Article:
This is in (stark?) contrast to Theon Greyjoy, a boy fostered with the Starks. Theon is probably one of those most treacherous characters of the story. The television show displays pronounced differences between Theon and Ned’s sons from the outset. One of the first scenes with just Jon, Robb, and Theon involves Theon throwing out sexual banter that Jon and Robb completely ignore. Theon frequently visits prostitutes, and when he is journeying back to his homeland by ship, he takes the captain’s daughter to sexually entertain him throughout the voyage, fully planning on never seeing her again despite her plea that he might keep her as a mistress.

Lord Tywin, too, is found with a prostitute in his bed, which causes his death.

Greyjoy’s actions resemble what we see in the series’ antagonist family, the Lannisters. Jamie and Cersei Lannister, twins, have been involved in an incestuous, adulterous relationship for years. While Jamie is completely faithful to his lover, he’s apparently not bothered that she commits adultery every time she is with him…until it becomes obvious that she is no more faithful to him than she is to her husband.

Cersei, on the other hand, is happy to use sex for either political gain or simply for her own irresponsible pleasures. (There is no political gain in sleeping with her younger cousin, Lancel). Cersei’s son Joffrey, while not as fond of his family members, proves himself perhaps even more sadistic in his preference for violence and sex. And Cersei indulges him in this, saying to his face that if he wants noble virgins or prostitutes, that’s fine, since he’ll be king, and just needs an heir.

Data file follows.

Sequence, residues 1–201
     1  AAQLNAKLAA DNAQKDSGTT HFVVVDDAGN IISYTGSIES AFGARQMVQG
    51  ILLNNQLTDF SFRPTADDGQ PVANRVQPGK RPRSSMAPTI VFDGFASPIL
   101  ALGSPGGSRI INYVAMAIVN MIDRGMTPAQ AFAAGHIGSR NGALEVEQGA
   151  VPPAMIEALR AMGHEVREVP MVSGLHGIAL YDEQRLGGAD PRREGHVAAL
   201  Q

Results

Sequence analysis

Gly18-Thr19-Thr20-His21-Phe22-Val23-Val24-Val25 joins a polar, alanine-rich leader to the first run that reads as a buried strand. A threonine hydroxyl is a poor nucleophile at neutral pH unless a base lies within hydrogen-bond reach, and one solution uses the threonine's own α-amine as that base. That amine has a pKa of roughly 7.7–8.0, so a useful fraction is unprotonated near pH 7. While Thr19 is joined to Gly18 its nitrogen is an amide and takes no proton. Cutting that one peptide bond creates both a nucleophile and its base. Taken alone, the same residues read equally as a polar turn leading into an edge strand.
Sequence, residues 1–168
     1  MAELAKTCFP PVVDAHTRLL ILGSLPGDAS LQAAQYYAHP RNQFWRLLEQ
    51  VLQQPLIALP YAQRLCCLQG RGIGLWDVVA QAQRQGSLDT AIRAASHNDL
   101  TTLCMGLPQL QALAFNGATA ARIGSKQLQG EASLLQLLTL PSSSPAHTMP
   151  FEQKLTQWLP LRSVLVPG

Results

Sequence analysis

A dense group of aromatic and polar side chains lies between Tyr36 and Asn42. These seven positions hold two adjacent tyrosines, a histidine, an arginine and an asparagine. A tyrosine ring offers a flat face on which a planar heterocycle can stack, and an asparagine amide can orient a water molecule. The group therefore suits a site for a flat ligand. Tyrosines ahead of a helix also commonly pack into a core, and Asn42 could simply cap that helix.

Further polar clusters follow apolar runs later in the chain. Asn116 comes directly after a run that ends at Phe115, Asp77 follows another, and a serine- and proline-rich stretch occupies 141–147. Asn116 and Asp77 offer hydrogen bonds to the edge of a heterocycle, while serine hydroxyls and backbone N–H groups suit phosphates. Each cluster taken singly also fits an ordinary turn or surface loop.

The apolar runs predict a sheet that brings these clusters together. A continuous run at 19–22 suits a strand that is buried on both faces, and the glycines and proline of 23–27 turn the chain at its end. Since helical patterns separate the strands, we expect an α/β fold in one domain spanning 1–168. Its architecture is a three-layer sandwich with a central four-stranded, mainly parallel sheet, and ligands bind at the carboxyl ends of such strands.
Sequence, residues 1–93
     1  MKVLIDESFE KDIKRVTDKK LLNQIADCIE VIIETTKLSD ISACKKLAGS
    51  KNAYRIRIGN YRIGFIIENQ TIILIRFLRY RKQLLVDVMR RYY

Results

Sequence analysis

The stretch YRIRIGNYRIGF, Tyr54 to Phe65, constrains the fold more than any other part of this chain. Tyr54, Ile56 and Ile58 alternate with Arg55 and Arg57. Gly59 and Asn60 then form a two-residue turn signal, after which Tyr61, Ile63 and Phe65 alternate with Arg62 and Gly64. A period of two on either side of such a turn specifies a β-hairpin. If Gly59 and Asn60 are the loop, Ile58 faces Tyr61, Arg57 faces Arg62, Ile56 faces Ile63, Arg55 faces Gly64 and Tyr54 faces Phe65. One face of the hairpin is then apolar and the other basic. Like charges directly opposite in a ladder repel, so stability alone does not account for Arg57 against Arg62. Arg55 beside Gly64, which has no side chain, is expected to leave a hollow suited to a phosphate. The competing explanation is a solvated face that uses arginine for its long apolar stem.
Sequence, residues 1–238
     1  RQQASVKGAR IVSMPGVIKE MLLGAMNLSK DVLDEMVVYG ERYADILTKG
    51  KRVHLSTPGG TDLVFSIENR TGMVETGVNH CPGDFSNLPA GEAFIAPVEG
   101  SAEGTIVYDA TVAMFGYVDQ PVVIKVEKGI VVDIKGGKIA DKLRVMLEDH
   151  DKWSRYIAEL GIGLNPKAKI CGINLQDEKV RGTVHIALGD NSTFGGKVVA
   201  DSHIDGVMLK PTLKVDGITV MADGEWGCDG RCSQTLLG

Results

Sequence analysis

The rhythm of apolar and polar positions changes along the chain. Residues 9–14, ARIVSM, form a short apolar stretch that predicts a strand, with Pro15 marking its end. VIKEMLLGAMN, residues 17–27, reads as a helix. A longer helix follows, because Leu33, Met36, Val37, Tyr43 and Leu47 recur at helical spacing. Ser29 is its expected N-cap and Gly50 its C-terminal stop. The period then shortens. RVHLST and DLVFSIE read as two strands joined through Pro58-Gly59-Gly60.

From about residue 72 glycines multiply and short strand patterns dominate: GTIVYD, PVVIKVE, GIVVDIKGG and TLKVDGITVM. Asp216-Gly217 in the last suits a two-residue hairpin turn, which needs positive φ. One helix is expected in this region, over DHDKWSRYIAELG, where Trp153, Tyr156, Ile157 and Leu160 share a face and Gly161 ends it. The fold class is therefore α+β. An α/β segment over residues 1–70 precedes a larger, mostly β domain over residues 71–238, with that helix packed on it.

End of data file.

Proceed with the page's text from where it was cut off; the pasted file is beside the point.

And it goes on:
It is unthinkable that Ned Stark or his wife would ever have that conversation with any of their children. Even Lord Tywin, the outwardly austere head of the family, has a weakness for the pleasures of the flesh. He, too, is found with a prostitute in his bed, which causes his death.

Chastity Is Still Associated with Nobility

Which brings us to Tyrion, who is as much of a contrast to the rest of his family as Theon is to the Starks. As a teenager, Tyrion follows up his first sexual encounter by marrying the girl, although it ends up being a very short-lived marriage, thanks to his father. True, the television show introduces Tyrion as a lecherous man. But as Tyrion grows more distanced from his decadent family, he becomes more and more honorable in his sexual dealings. When forced to marry Sansa Stark against both their wills, he refuses to force her to consummate the marriage.

The notable contrast between the sexual dealings of the good guys and bad guys tells us a lot about our own culture and sex. It shows that, despite the sexual revolution, we can’t help but intrinsically associate chastity and nobility. Those who have casual or manipulative sex fall firmly into the black hat camp, and redemption accompanies a move back toward traditional sexual virtue.

This isn’t because George R.R. Martin is a closet conservative. Rather, the book and show demonstrate a deeper moral fiber, one that acknowledges the intrinsic human worth in every person, no matter his or her station, and sees a value in honesty and keeping one’s vows. “Game of Thrones” shows that audiences cannot help but have some respect for the sexual act as an important, potent thing, rather than something unremarkable and cheap. Despite how frequently “Game of Thrones” portrays sex, it cannot fail to demonstrate its moral significance for a character’s integrity.

Virginia Phillips is a graduate of Hillsdale College and a M.A. candidate at John Carroll University. T. Elliot Gaiser is a graduate of Hillsdale College and a J.D. candidate at University of Chicago.
Photo Maria Morri / Flickr

Copyright © 2019 The Federalist, a wholly independent division of FDRLST Media, All Rights Reserved.